Near the beginning of the episode, while the fleet refuels, Kara, ‘Hotdog’ and Lee Adama fly over a gas giant planet, where Kara sees a Cylon raider, invisible to Lee and the crew back on the Galactica. Kara chases the Cylon fighter, which may or may not exist in reality, over the eye of a storm, which is identical to both Kara’s paintings and the ancient mandala. On a second visit to the planet, with Lee Adama flying on her wing, Kara again sees and follows a Cylon raider invisible both to Lee and to the instruments of the Galactica.

This time, her Viper is hit by the Cylon raider, and she is knocked unconscious. A series of dreams, memories and visions/delusions, guided by someone or something with the form of Leoben Conoy follows, focused around her mother and her death.

Kara’s painting

Kara goes to her mother’s deathbed, and holds her hand as she dies. Next to her mother on the bed a scrapbook of Kara’s life: all of her childhood drawings, school certificates, every single record of evidence of achievement in Kara’s life, large and small is there. Kara’s mother – according to this vision, or delusion – abused her daughter and withheld her approbation in order to make Kara strong enough to face the challenge of this moment, in which Kara finally faces and accepts death, flying down into the planet and allowing her Viper to be crushed, with her inside it.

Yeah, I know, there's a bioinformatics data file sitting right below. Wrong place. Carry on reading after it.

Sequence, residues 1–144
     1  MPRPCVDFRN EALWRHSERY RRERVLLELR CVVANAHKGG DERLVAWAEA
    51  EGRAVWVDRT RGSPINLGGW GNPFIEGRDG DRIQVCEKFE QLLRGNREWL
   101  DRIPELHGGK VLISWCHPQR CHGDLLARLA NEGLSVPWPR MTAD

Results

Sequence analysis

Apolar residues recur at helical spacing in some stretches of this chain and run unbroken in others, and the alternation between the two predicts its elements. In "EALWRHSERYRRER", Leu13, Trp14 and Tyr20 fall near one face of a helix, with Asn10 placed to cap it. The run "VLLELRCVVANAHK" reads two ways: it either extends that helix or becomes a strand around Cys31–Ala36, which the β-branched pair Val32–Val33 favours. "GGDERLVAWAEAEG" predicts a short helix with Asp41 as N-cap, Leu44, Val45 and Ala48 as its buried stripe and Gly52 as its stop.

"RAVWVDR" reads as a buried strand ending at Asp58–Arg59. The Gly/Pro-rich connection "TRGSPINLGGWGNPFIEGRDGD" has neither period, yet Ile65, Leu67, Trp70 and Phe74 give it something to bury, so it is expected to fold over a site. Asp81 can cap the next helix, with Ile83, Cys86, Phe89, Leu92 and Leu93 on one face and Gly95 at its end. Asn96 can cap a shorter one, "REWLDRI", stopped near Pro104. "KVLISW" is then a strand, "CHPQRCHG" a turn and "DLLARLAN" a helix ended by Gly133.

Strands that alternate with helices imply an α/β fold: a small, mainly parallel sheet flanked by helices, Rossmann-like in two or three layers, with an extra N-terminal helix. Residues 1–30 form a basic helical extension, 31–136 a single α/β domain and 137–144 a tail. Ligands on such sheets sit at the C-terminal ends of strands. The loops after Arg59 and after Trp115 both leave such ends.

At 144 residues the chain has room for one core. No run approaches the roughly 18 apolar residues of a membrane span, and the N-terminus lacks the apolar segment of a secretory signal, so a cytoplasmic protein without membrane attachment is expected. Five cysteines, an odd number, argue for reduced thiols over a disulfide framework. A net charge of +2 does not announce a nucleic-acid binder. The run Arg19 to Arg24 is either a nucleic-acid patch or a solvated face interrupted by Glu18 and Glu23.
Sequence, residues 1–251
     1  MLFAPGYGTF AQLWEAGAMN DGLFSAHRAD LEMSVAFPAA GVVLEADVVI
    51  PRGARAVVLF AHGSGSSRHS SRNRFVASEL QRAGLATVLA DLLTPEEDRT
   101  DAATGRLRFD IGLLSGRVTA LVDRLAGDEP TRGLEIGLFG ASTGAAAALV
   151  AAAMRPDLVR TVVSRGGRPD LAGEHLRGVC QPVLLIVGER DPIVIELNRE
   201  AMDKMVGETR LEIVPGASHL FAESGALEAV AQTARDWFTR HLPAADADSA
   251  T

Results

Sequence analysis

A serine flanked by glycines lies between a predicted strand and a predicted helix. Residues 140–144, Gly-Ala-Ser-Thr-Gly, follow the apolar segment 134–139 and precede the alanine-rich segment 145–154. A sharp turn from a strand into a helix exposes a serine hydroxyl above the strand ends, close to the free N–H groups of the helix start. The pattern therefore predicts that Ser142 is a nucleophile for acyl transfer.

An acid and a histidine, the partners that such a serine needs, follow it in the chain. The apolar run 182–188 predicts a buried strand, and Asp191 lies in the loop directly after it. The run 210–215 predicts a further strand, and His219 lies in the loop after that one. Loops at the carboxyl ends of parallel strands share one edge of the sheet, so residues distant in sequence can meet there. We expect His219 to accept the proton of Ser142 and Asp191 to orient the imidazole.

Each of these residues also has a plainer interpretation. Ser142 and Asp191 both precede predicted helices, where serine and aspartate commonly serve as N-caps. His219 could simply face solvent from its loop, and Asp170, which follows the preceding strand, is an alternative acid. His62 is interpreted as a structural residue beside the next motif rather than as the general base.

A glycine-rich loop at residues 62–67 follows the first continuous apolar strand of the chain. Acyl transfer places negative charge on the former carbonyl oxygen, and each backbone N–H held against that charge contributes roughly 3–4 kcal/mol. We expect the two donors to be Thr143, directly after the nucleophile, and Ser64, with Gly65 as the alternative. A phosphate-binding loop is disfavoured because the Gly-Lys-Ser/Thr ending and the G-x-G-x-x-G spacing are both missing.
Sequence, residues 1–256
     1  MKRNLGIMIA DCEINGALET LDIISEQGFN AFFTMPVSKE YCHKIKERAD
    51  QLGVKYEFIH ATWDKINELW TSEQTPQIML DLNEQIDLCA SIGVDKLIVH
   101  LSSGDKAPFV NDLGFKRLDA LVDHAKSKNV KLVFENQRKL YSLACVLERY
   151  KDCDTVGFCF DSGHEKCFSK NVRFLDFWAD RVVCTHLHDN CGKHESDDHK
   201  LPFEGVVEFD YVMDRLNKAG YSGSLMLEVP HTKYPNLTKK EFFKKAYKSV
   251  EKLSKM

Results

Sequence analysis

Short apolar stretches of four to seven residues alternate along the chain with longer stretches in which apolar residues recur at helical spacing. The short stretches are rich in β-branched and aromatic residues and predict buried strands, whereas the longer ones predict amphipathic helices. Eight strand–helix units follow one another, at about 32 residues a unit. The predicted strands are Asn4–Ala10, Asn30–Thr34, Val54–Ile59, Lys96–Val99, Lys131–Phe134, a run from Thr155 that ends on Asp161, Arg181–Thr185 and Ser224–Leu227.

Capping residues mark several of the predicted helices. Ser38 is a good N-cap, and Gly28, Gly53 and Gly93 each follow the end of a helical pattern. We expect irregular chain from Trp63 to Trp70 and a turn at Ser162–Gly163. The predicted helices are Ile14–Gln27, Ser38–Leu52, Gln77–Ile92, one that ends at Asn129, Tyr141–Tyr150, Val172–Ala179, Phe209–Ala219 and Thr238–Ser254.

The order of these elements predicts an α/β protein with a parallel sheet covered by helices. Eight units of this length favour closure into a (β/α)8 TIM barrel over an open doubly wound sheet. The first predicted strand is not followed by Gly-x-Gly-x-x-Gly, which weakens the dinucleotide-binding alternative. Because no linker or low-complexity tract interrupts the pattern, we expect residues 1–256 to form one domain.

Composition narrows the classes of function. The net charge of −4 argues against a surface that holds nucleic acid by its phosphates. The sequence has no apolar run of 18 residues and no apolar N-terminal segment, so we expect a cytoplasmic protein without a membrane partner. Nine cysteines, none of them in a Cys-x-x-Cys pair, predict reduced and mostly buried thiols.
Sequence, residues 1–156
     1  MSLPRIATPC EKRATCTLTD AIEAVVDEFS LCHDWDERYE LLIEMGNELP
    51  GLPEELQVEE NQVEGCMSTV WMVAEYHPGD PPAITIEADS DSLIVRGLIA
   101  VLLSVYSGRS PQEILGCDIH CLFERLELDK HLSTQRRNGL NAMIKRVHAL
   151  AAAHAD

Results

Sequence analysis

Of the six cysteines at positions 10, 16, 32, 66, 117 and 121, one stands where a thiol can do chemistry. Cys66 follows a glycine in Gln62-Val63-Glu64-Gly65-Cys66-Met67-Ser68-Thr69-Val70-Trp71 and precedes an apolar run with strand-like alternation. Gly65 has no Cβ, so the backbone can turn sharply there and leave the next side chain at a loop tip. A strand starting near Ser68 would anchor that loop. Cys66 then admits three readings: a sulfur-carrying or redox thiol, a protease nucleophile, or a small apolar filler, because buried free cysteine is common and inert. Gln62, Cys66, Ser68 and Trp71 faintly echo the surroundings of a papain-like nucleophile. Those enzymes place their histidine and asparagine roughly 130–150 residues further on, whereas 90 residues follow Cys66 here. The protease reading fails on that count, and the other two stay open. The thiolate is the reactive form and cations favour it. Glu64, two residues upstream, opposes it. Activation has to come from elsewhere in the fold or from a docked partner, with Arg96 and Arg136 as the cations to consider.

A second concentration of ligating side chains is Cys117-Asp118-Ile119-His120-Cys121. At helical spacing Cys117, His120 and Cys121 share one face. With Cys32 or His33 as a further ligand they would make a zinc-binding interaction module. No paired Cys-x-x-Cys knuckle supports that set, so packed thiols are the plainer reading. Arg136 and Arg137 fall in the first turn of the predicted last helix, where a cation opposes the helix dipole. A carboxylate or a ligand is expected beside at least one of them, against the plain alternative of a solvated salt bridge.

Abuse and forgiveness

And that is what I find so disturbing about this particular and (almost) final episode in Kara’s story. How many times have abusers told children that what they are doing is “for your own good”? Is that ever true? No. Even if the abuser genuinely believes that, does it ever justify the abuse? Absolutely not. Even if the abuse leads the child to develop survival tactics, skills or other aspects of themselves that are useful and important in life, does that make the abuse okay? No, no, and no.